Moderna Begins Testing Vaccine in Children

Pictured: Brittany Siguenza, 5, watches as her mother receives a dose of Moderna vaccine. Source: shutterstock

According to a statement released Tuesday, Moderna has begun testing its COVID-19 vaccine in children as young as 6 months.

In December 2020, the US Food and Drug Administration (FDA) approved Moderna Vaccine for use in individuals aged 18 years and above. Since then, the country has administered over 50 million doses of the vaccine. However, as the Biden administration prepares to reopen schools, researchers are now focusing their attention on vaccinating younger age groups. Although children are at a lower risk of infection, researchers believe administering vaccines to children can help achieve herd immunity faster. As a result, both Pfizer and Moderna began vaccine trials in children older than 12 years, in December of last year. Now, in a recent statement, Moderna announced it has begun injecting its vaccine in children aged 6 months to less than 12 years.

It is humbling to know that 53 million doses have been administered to people in the U.S. We are encouraged by the primary analysis of the Phase 3 COVE study of mRNA-1273 in adults ages 18 and above and this pediatric study will help us assess the potential safety and immunogenicity of our COVID-19 vaccine candidate in this important younger age population.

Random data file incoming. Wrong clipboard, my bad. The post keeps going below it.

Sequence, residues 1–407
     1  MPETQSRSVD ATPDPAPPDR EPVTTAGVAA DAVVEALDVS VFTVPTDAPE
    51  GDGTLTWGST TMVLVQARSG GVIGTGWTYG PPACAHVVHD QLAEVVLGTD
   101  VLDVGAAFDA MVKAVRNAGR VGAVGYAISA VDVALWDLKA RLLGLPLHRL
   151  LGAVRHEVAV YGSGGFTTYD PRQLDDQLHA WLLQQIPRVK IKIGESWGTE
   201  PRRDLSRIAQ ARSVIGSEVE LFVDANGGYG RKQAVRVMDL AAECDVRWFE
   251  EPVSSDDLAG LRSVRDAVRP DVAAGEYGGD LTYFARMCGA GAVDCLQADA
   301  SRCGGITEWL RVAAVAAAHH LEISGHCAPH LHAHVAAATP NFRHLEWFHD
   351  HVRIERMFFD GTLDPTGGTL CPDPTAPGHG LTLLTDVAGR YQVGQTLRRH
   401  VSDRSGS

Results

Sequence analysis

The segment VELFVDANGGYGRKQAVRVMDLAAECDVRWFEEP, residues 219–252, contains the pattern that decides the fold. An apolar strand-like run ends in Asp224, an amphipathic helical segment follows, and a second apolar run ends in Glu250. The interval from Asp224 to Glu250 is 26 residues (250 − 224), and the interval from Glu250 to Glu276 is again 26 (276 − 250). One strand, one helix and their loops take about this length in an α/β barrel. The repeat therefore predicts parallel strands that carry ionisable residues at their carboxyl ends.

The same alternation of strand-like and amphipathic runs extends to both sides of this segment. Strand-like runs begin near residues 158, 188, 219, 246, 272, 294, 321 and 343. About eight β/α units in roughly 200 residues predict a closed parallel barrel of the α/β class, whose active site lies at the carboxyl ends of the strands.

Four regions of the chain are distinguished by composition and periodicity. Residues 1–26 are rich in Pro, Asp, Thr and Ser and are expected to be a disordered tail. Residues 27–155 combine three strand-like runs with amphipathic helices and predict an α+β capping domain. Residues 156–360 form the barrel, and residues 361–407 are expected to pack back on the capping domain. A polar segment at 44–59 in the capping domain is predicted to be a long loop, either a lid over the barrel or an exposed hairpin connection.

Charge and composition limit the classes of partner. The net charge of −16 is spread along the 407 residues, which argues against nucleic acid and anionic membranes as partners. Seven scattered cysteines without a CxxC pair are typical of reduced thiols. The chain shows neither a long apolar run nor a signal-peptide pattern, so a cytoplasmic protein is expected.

Stéphane Bancel, C.E.O of Moderna

Called the KidCOVE study, the trial aims to enroll over 6,000 volunteers, aged less than 12 years, from across the US and Canada. This two-part study will assess the safety and effectiveness of the COVID-19 vaccine in those as young as 5 months. Each child will receive two doses of the mRNA vaccine, 28 days apart.

The KidCOVE study

In the first part of the trial, researchers will test different doses to assess which works best. Children under 2 years will receive two doses of either 25, 50 or 100 micrograms. While those aged 2 to 12 years will receive two doses of 50 or 100 micrograms each. Once scientists have decided on the best dosage, they’ll begin part 2 of the trial. For the second part, children will be randomly assigned to receive either the placebo or the vaccine. Researchers will follow the participants for a year after the second dose to assess the vaccine’s overall efficacy.

However, as children are less likely to contract COVID-19, experts worry the number of cases won’t be enough to calculate vaccine efficacy. Therefore, along with looking for infection, researchers aim to measure antibody levels in children. Furthermore, in that year-long follow-up researchers will also track for any vaccine side effects.

Scientists expect the trial will end by early 2022. Last month, Johnson & Johnson also began testing its vaccine in children aged 6 years and older. Although doctors are critical of pediatric testing, the current trials will reduce the risk of fatal inflammatory conditions in children.


Moderna Announces First Participants Dosed in Phase 2/3 Study of COVID-19 Vaccine Candidate in Pediatric Population.” Moderna, Inc., 16 Mar. 2021.


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